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Frank Sinatra license sold at auction: 'Young Blue Eyes' 1934 license nets $15k

Frank Sinatra's 1934 driver's license, which was his first, went for more than $15,000 at auction. The license spelled his last name as "Sintra."
Frank Sinatra's 1934 driver's license, which was his first, went for more than $15,000 at auction. The license spelled his last name as "Sintra."
YouTube screen shot/ KGNS TV

Frank Sinatra's very first driver’s license from the state of New Jersey went on the auction block recently and sold for a surprising amount of money. While you’d expect anything so personal that was once owned by Sinatra to fetch a great deal of money, you might be surprised to learn it sold for only $15,757. If you look at it another way, it is just an 80-year-old piece of paper, which was worn and yellowed from age, so from that perspective $15,757 is one surprising extravagant expenditure!

According to The SF Gate on June 27, the driver’s license was issued to “Francis Sintra,” which was a typo. This piece of paper was something Sinatra signed and carried around in his wallet in 1934 when he was 19-years-old and living in New Jersey. This was the year before "Old Blue Eyes" would get his big break. It was way before he would go on to be part of the “Rat Pack” rubbing elbows with the likes of Dean Martin and Sammy Davis Jr., which were his good buddies later in his career.

The New Jersey issued license has the address of 841 Garden St. in Hoboken. Frank weighed in at 130-pounds and his eyes were listed as blue of course. He wasn’t a very big man at only 130-pounds, but he became a huge man in name! This driver’s license was issued long before pictures appeared as part of the ID.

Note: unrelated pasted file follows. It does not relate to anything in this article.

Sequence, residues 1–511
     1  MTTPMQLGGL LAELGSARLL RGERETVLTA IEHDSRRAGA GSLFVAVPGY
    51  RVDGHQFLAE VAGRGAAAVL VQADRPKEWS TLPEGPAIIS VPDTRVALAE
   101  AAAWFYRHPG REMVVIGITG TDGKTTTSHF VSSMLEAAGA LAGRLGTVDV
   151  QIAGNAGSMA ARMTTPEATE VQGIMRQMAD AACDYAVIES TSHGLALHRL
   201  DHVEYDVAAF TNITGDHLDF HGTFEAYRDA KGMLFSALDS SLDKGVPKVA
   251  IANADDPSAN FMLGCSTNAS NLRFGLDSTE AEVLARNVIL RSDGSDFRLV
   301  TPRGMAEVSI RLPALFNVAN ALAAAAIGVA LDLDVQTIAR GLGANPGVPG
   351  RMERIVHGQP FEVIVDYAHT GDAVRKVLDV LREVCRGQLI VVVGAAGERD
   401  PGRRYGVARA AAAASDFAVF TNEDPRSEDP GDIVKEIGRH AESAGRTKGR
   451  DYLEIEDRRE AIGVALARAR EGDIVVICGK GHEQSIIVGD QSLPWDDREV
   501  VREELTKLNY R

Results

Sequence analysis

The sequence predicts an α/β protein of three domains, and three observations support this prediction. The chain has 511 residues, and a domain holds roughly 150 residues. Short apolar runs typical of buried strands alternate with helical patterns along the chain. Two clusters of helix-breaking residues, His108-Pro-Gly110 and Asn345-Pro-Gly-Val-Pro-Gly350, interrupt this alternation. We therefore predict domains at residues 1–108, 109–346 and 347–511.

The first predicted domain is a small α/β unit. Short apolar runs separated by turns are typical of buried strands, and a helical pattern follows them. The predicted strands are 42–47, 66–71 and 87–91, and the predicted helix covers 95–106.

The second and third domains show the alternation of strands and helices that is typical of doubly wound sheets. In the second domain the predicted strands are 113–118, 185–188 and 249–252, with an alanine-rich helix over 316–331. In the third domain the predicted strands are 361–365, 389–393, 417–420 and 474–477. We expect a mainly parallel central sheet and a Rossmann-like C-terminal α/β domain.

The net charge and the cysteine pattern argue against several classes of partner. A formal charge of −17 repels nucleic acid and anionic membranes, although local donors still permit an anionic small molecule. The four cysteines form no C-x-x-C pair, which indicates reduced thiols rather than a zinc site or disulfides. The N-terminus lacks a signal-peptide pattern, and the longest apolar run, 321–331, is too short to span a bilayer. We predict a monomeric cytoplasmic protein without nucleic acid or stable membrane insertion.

According to the Washington Times today, the driver's license was part of a package deal at auction that also came with a letter. That letter was a demand-letter of sorts, that was penned by a lawyer and addressed to the State Commissioner of Motor Vehicles in New Jersey. This lawyer requested that Frank’s license be revoked.

The lawyer was representing a man who apparently was involved in a crash with Sinatra and he wanted the crooner's license revoked until Frank paid up. This seems to indicate that the crash was Sinatra’s fault. That letter was written in 1940.

In 1940 if the "Young Blue Eyes" was at fault in a car accident, he may still have been struggling financially at the time, as this was early in his music career. His first recorded records were in 1939. He had recorded “The Lamp is Low,” “Melancholy Mood” and “Our Love,” along with other songs. The crooner's nationwide future groupies were probably just starting to hear his songs.

It wasn’t for another few years that his name became a household word and his music would blare from radios everywhere. When this license was issued, the woman who many thought was the love of Frank's life, Mia Farrow, wasn't even born yet. She would come into this world in another six years, in 1945. When Sinatra carried this license in his pocket, he had his entire life in front of him, and what a life it came to be!

The Boston based RR Auction house conducted the auction and the buyer’s name was not released. This was a great piece of Sinatra memorabilia and considering it was a one of a kind document and more than likely found on Frank's person for an entire year, the money this license went for was a good deal for the buyer.

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